Frequently Asked Questions
Here are some frequently asked questions and interesting facts about Ethiopia.
One of the wonderful aspects of hosting guests to our country is having the opportunity to share information about Ethiopia's history, culture and contemporary lives. And these conversations also give our guides the valuable and appreciated chance to learn about your life. So please feel encouraged to ask us any question that comes to mind and to share your thoughts about the world you are visiting.
In preparation for your journey, let's begin that dialogue. Here are some of the questions we hear most frequently from travelers during their stay in Ethiopia.
How is the last emperor of Ethiopia, Haile-Selassie currently viewed and is there a possibility of the restoration of the monarchy?
There seems to be a generational gap in Ethiopians’ thoughts on this question. Generally speaking those who lived during the period that Haile-Selassie was the country’s ruler and have had the opportunity to compare his reign with successive regimes think that he had many positive aspects. But, for the most part, those who have grown up after his 1974 overthrow have difficulty accepting this viewpoint or the idea that there is anything good to say about the monarchy.
What is the difference between Ethiopian and Western practices in calculating the time of day?
Ethiopian time divides each day into two equal parts: roughly the period with the sun, and, that without sunlight (night time). Around one hour after the sun rises Ethiopians consider the time to be one o’clock in the morning, midday is then be six o’clock, and, sunset is twelve o’clock. The counting of hours begins again at sunset, so that an hour after sunset it is the first hour of the night and sunrise is twelve o’clock. Many westerners find these calculations confusing, but we try to simplify it by saying “forget your watch, in Ethiopia as we are close to the equator and calculating your time with the sun makes the most sense.” In any case, we promise to help you stay on time.
Since Ethiopians do not have family name how is it possible to identify a person?
Ethiopians use their given name (let us say “George”), then their father’s name (let us say “Mark”) and, more identification is needed, a grandfather’s name is added (let us say “Alex”). In Ethiopian documents this person is identified as “George Mark Alex.” If George has a sister named Helen she is identified as Helen Mark Alex. When Helen marries, she maintains her name and her father’s name but never adopts her husband’s family name.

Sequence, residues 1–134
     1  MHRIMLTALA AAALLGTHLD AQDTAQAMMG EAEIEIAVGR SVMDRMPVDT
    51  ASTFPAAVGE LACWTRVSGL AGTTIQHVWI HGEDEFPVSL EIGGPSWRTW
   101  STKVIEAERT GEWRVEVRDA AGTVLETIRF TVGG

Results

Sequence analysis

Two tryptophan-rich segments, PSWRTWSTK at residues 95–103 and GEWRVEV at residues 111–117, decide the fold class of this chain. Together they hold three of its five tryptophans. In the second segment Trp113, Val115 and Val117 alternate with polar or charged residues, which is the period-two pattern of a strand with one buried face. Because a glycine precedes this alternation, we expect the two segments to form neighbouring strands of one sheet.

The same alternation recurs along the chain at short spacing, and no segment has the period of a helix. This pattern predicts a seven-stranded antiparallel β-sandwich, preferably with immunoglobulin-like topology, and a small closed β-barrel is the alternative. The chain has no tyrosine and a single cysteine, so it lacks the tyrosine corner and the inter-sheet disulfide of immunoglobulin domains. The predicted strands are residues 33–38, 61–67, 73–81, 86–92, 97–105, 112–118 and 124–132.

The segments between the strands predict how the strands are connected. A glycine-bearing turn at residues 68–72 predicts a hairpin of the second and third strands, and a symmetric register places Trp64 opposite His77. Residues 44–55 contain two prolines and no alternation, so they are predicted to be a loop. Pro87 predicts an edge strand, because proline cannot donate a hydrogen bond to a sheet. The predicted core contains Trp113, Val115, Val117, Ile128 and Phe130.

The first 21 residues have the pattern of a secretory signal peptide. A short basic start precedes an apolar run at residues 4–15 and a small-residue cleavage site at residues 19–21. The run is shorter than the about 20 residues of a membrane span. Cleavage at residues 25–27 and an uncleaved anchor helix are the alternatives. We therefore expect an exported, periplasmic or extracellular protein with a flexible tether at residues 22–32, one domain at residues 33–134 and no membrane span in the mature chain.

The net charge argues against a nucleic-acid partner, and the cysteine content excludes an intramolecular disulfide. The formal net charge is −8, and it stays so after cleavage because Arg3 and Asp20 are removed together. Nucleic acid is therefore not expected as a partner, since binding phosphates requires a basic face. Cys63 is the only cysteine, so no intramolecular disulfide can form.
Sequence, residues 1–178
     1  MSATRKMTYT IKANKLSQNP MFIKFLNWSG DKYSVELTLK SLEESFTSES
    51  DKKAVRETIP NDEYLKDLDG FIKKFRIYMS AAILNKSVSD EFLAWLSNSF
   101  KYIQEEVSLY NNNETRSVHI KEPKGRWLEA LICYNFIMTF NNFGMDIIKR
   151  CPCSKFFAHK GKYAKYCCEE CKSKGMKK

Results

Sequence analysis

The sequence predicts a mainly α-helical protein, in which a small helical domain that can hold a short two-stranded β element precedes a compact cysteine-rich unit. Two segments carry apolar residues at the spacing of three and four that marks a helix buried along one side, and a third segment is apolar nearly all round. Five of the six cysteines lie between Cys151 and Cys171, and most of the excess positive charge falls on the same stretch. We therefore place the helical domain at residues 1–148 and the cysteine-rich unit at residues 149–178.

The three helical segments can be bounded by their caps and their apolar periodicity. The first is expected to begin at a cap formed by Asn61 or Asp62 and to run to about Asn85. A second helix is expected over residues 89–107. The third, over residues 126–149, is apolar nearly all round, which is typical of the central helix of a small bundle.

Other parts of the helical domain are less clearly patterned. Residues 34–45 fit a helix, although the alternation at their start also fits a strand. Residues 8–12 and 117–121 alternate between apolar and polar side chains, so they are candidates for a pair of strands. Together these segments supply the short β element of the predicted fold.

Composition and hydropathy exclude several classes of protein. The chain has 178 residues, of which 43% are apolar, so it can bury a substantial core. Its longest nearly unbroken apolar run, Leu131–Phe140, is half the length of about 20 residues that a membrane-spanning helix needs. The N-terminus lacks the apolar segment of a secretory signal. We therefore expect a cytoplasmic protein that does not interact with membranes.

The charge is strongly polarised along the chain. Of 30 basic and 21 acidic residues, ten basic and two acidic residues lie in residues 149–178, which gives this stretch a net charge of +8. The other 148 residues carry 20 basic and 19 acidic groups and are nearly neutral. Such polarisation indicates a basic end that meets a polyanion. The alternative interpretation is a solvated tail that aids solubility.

We do not see pigs in Ethiopia – do you eat pork?
The two major religions practiced in Ethiopia are Christianity and Islam. Neither Muslim nor Christian Ethiopians consume pork for religious reasons, which they share with Orthodox Jewish practices.
Why don’t we see many Ethiopians smoking, do they so privately?
Foreigners usually comment that very few people smoke in public in Ethiopia. That is true. Due to religious and cultural reasons smoking is discouraged. An Ethiopian King in the 19th century even made smoking and chewing tobacco punishable, though this is no longer the case and visitors who wish to do so will be able to buy cigarettes while visiting.
What does it mean when two men are seen walking in public holding hands?
This is a very common practice among friends (male and female) in Ethiopia, as in many oriental countries. Hand holding is a commonplace sign of friendship and does not imply a romantic relationship.
What books might I read about Ethiopia?
Many travelers enjoy preparing for a trip through learning about a country before visiting, though this is not essential since our guides will always be on hand to answer questions and share contextual information. Others find that travelling with books, especially historical material or literature, is a pleasant way to spend early mornings and evenings while on the road. Here are some of our favorites:
- Ryszard Kapuscinski, The Emperor (about Emperor Haile-Selassie)
- Graham Hancock, The Sign and the Seal (good on the Ark of the Covenant and as an introduction to Ethiopian history)
- Alan Moorhead, the Blue Nile
Art and Architecture
- Claude Lepage and Jacques Mercier, Lalibela, Wonder of Ethiopia, The Monolithic Churches and their Treasures
- Claude Lepage and Jacques Mercier, The Ancient Churches of Tigrai
- David W. Phillipson, Ancient Churches of Ethiopia
- Maria-Jose Friedlander, Ethiopia’s Hidden Treasures: A guide to the paintings of the remote churches of Ethiopia
- Dawit Teferi, Visiting Ethiopian Churches: Understanding the paintings of eight frequently visited churches of Ethiopia
- The best travel guide for Ethiopia is Bradt Guide to Ethiopia
- Dinaw Mengestu, The Beautiful Things That Heaven Bears
- Abraham Vergese, Cutting for Stone (This bestselling novel about Ethiopia is very popular in book clubs in the West)
- The Life of My Choice, Wilfred Thesiger
- Dervla Murphy, in Ethiopia with a Mule
- Nega Mezlekia, Notes from the Hyena’s Belly (won the Governor’s award in Canada)
- Kevin Rushby, Eating the Flowers of Paradise
- Aida Edemariam, The Wife’s Tale: A Personal History